The Paris climate agreement adopted by 195 nations last month provides fresh momentum for achieving the Clean Trillion campaign goal of mobilizing an additional $1 trillion investment per year in clean energy in order to stabilize the climate.
- Holding the increase in the global average temperature to well below 2 C above pre-industrial levels and pursuing efforts to limit temperature increase to no more than 1.5 C
- Reducing net greenhouse gas emissions to zero in the second half of this century
While there are many challenges ahead to achieving these objectives, the Paris agreement provides a critical shot in the arm for clean energy investment globally. As UN Secretary-General Ban Ki-moon noted at the end of the climate talks, “Markets now have the clear signal they need to unleash the full force of human ingenuity and scale up investments that will generate low emissions and resilient growth.”
Three outcomes of the Paris climate talks are particularly significant to expanding global investment in clean energy:
First, 187 nations, representing 98 percent of the world’s greenhouse gas emissions, have now submitted national climate commitments. Actualizing these commitments and limiting warming to below 2 degrees Celsius will create a multi-trillion dollar clean energy investment opportunity; the International Energy Agency has estimated the figure at $16.5 trillion. Over the next several years, governments will take steps to translate their national climate commitments into specific policies that will catalyze the necessary investments. For example, the U.S. Environment Protection Agency’s (EPA) Clean Power Plan, vehicle efficiency standards, and tax credits for wind and solar that were extended last month are all key measures that will help accelerate the shift to clean energy.
It’s important to keep in mind that the national commitments submitted in Paris create a floor, not a ceiling: the agreement includes a one-way ratchet, with nations required to update and elevate their climate commitments every five years.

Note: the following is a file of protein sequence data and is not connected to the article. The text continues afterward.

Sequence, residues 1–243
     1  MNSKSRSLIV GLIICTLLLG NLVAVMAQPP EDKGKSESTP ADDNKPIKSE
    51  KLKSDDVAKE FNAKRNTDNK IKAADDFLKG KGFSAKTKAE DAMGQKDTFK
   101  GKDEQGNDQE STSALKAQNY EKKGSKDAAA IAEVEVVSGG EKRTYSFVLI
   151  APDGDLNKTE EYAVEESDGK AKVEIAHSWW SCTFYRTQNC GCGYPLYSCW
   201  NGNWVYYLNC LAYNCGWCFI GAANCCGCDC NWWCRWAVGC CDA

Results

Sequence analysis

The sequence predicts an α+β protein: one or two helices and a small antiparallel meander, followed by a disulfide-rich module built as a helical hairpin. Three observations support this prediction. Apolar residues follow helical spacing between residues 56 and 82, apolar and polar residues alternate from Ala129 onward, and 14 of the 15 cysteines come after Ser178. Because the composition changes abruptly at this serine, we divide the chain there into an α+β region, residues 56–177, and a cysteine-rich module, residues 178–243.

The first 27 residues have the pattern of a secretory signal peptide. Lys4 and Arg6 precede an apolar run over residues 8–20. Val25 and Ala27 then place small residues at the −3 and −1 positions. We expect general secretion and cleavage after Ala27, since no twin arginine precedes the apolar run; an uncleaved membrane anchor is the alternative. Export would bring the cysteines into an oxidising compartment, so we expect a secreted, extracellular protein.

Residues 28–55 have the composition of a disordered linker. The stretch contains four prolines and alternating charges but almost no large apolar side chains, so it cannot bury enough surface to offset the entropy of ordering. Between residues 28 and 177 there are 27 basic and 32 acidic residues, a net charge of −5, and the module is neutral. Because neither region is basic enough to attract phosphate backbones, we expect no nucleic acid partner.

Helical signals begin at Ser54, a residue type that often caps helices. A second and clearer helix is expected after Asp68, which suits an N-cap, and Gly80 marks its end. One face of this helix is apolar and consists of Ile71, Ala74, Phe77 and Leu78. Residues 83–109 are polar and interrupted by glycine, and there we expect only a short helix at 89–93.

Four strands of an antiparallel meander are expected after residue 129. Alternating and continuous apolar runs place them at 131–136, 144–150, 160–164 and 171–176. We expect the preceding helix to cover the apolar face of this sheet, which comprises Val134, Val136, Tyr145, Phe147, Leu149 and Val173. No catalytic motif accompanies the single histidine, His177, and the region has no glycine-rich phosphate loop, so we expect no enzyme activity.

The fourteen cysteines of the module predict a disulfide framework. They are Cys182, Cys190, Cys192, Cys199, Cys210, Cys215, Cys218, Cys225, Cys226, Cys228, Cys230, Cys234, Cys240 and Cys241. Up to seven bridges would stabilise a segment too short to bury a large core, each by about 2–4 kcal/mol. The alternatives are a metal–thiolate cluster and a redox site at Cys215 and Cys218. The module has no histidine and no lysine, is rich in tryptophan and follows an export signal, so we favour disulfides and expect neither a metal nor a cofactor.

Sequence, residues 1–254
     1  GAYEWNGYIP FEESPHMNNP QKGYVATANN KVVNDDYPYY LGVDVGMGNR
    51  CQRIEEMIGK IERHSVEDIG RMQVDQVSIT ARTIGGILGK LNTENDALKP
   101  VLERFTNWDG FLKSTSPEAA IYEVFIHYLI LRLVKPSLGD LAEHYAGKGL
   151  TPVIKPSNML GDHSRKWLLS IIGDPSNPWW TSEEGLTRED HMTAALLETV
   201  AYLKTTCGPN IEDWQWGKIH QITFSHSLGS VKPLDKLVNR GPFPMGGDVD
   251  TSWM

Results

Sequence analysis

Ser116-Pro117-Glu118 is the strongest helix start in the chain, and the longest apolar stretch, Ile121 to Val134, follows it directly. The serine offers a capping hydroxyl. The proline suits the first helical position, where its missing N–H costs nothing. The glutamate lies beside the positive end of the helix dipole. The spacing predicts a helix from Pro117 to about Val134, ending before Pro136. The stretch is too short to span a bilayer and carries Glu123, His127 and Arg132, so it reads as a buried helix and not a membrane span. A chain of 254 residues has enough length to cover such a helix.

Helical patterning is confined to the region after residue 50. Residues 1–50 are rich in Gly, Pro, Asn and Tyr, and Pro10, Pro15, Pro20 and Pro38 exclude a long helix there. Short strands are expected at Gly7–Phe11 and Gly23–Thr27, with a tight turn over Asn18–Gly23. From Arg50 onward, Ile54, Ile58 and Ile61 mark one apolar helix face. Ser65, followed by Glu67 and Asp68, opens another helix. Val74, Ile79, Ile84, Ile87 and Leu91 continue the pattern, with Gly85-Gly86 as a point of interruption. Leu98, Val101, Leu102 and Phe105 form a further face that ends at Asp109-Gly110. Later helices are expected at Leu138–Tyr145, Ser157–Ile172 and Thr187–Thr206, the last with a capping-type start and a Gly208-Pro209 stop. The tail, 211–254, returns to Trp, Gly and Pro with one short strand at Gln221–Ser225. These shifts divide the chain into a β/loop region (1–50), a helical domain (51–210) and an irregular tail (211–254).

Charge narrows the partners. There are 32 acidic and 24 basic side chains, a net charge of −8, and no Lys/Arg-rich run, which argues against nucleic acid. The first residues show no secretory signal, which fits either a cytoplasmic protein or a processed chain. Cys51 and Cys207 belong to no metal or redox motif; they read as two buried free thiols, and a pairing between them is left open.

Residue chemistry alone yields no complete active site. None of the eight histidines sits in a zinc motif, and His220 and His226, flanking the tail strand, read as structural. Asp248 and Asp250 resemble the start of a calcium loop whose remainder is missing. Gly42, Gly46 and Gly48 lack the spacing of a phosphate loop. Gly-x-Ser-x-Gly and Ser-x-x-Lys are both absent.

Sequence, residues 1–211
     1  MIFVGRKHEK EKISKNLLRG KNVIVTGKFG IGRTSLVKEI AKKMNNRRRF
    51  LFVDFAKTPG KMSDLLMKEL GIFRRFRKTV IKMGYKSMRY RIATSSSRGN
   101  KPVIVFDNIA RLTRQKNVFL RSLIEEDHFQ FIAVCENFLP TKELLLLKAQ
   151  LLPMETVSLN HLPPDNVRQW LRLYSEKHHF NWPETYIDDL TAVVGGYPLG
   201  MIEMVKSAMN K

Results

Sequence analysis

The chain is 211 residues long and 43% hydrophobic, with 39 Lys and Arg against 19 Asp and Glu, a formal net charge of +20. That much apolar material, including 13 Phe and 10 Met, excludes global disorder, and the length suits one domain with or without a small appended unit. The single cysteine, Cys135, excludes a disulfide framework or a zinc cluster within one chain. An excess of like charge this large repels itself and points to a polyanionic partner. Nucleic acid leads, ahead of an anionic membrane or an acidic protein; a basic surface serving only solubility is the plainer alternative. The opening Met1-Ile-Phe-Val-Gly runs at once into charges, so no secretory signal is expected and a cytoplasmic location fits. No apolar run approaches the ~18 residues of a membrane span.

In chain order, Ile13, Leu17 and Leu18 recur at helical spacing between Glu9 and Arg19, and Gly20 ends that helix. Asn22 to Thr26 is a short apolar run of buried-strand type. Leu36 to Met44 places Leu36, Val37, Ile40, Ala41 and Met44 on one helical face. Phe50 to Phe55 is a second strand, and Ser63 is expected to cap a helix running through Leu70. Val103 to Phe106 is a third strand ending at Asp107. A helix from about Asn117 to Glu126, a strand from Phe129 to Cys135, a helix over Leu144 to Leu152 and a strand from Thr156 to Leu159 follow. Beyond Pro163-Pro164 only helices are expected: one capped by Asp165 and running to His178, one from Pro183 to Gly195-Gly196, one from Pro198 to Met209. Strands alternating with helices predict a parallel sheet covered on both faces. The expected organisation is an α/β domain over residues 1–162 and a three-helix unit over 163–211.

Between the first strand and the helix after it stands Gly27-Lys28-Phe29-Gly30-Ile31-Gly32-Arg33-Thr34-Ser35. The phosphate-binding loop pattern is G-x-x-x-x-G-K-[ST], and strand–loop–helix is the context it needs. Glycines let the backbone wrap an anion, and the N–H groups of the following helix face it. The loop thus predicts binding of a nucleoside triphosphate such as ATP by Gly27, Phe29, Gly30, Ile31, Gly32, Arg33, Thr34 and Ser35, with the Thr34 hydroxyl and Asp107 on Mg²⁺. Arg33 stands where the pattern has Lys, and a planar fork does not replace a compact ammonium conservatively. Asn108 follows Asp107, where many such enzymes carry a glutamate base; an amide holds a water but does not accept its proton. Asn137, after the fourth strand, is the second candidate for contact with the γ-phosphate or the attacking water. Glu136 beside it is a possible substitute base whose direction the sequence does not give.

Second, the Paris agreement calls for “finance flows consistent with a pathway towards low greenhouse gas emissions and climate resilient development.”Specifically, governments have agreed to mobilize at least $100 billion in public and private finance for clean energy and climate resilience projects from 2020 to 2025 and agreed to go beyond this level after 2025. (See this helpful World Resources Institute summary for more details). Deployment of these funds help leverage more opportunities for private clean energy and climate financing.
Third, the Paris climate talks recognize that national government actions need to be buttressed by bold private sector action. In advance and during the climate talks, hundreds of global investors, businesses and capital market actors made new announcements on climate change and clean energy. Three examples:
The Financial Stability Board announced it was establishing an industry-led disclosure task force on climate-related financial risks under the chairmanship of Michael Bloomberg. The Task Force on Climate-related Financial Disclosures is charged with developing voluntary, consistent climate-related financial risk disclosures for use by companies in providing information to lenders, insurers, investors and other stakeholders.
New York State Comptroller Tom DiNapoli announced an additional $1.5 billion commitment to sustainable investments and the launch of a new $2 billion low-carbon index fund in coordination with Goldman Sachs. (See summary of other COP21-Paris Finance Day announcements here).
Reaction to the Paris agreement has also been strongly positive. “The ambitious agreement contains many of the market signals that investors have been calling for and what investors need to accelerate the transition to a thriving, clean energy economy,” Anne Stausboll, CEO of CalPERS, the nation’s largest public pension fund, said.
Michael Liebreich of Bloomberg New Energy Finance put it even more bluntly: “Paris is the world’s economy serving divorce papers” to the fossil fuel industry. “Which sensible businessperson or investor can ignore the clear signal?” Good question!
By Christopher N. Fox, Ceres